The health IT bill that was approved last week by the House Energy and Commerce and Ways and Means committees has been put on hold over concerns that it could increase overall federal spending and decrease revenues.
The bill (HR 4157) would set out to empower the HHS’s Office of the National Coordinator for Health IT to oversee standards for storing medical related data and develop standards towards interoperability.
The concerns came about after the Congressional Budget Office did a review of the bill and found that the called for changes to the Social Security Act could be potentially problematic. The changes would create “safe harbors” for donations of health IT would that would, as the CBO states in a letter to the Ways and Means committee, eliminate “monetary penalties, criminal penalties, or sanctions for violating the prohibitions on certain physician referrals.”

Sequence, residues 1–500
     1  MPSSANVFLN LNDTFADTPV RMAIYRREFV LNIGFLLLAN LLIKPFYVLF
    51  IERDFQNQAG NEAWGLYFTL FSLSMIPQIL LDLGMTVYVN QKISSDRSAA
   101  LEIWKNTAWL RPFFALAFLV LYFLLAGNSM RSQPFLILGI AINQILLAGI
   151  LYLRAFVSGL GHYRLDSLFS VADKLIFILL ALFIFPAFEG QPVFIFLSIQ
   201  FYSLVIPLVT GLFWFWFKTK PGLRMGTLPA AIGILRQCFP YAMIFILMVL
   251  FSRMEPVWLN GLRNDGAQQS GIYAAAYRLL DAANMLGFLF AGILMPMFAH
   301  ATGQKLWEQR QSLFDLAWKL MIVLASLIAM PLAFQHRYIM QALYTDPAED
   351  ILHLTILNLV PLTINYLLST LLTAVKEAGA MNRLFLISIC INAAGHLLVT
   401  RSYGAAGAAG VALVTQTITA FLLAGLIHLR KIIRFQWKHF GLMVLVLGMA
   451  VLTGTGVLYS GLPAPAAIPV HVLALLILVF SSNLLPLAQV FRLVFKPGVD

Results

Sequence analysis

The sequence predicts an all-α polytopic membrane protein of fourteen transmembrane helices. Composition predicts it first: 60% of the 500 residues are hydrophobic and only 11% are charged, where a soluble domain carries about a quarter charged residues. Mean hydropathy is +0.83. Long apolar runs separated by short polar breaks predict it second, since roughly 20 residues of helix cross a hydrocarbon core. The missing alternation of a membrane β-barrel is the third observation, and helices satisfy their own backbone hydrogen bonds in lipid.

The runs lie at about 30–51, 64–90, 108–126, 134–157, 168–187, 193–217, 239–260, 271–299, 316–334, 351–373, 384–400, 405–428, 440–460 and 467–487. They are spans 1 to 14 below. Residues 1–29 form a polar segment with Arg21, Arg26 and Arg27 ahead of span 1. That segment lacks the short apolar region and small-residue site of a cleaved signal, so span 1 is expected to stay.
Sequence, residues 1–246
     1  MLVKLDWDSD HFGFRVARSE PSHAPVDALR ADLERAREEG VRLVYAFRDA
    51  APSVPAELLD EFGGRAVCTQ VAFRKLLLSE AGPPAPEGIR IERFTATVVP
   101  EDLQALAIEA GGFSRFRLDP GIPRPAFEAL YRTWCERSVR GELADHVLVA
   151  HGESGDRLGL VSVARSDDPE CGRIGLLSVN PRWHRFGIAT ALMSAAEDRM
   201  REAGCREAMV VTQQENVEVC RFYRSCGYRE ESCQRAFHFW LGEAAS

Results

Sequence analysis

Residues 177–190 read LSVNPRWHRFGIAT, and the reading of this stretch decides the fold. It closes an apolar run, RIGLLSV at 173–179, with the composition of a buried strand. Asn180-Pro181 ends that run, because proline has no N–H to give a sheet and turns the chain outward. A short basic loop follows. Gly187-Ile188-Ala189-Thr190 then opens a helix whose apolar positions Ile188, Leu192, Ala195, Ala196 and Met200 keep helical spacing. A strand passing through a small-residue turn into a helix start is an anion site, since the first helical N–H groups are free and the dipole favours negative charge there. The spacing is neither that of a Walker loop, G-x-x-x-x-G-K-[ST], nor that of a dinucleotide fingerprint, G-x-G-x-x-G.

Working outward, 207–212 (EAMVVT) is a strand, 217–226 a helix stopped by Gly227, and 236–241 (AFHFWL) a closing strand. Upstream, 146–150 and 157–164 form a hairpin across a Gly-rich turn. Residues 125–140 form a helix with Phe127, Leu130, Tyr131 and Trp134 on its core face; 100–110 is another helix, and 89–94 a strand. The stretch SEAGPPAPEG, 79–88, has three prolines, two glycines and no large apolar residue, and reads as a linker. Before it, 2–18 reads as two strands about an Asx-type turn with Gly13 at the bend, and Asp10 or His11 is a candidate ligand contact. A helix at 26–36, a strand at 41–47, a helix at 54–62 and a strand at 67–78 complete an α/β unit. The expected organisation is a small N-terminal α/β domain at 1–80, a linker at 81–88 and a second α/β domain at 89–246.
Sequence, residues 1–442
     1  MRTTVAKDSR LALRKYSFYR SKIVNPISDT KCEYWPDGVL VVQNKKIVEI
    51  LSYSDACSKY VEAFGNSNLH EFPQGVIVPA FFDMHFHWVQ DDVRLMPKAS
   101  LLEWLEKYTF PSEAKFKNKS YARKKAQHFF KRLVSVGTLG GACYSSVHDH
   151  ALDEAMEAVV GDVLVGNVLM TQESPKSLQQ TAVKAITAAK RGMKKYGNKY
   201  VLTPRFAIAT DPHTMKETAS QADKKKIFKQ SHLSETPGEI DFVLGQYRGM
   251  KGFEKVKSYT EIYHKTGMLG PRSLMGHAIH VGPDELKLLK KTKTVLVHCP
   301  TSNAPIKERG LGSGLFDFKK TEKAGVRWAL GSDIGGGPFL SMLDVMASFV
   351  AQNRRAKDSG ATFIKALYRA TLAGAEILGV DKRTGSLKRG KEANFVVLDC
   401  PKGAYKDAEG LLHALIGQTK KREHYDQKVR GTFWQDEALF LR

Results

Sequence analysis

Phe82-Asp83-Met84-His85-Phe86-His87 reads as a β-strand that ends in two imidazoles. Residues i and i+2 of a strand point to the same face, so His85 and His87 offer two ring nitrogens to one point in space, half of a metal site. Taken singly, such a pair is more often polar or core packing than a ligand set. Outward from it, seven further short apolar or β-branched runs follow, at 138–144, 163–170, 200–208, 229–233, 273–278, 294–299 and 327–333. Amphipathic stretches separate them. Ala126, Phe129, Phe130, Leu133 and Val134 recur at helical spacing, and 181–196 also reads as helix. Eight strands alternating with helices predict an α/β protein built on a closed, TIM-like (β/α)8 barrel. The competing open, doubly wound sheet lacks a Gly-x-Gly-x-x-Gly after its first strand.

Also, the CBO cautioned that the bill in its current form would cause health plans, providers and other players to use the 10th revision of the International Classification of Diseases 3 years earlier than originally planned in 2012. This considerably more abrupt shift to the updated version of the classifications would create “substantial” costs to providers and claims processors, according to the CBO.